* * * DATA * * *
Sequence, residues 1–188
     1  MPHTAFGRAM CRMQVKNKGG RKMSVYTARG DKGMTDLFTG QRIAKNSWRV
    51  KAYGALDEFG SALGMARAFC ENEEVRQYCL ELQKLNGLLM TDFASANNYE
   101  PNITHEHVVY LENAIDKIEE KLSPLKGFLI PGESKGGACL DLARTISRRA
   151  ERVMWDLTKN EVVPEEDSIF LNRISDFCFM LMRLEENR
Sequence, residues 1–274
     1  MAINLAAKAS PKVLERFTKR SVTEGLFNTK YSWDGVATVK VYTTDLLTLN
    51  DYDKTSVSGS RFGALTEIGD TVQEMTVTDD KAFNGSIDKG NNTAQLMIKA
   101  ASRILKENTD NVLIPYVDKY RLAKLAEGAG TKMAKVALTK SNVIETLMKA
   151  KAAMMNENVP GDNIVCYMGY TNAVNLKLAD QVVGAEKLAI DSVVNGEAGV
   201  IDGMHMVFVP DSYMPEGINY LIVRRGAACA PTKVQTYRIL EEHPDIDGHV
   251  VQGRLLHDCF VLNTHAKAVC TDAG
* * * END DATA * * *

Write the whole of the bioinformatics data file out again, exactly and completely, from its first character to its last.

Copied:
Sequence, residues 1–188
     1  MPHTAFGRAM CRMQVKNKGG RKMSVYTARG DKGMTDLFTG QRIAKNSWRV
    51  KAYGALDEFG SALGMARAFC ENEEVRQYCL ELQKLNGLLM TDFASANNYE
   101  PNITHEHVVY LENAIDKIEE KLSPLKGFLI PGESKGGACL DLARTISRRA
   151  ERVMWDLTKN EVVPEEDSIF LNRISDFCFM LMRLEENR
Sequence, residues 1–274
     1  MAINLAAKAS PKVLERFTKR SVTEGLFNTK YSWDGVATVK VYTTDLLTLN
    51  DYDKTSVSGS RFGALTEIGD TVQEMTVTDD KAFNGSIDKG NNTAQLMIKA
   101  ASRILKENTD NVLIPYVDKY RLAKLAEGAG TKMAKVALTK SNVIETLMKA
   151  KAAMMNENVP GDNIVCYMGY TNAVNLKLAD QVVGAEKLAI DSVVNGEAGV
   201  IDGMHMVFVP DSYMPEGINY LIVRRGAACA PTKVQTYRIL EEHPDIDGHV
   251  VQGRLLHDCF VLNTHAKAVC TDAG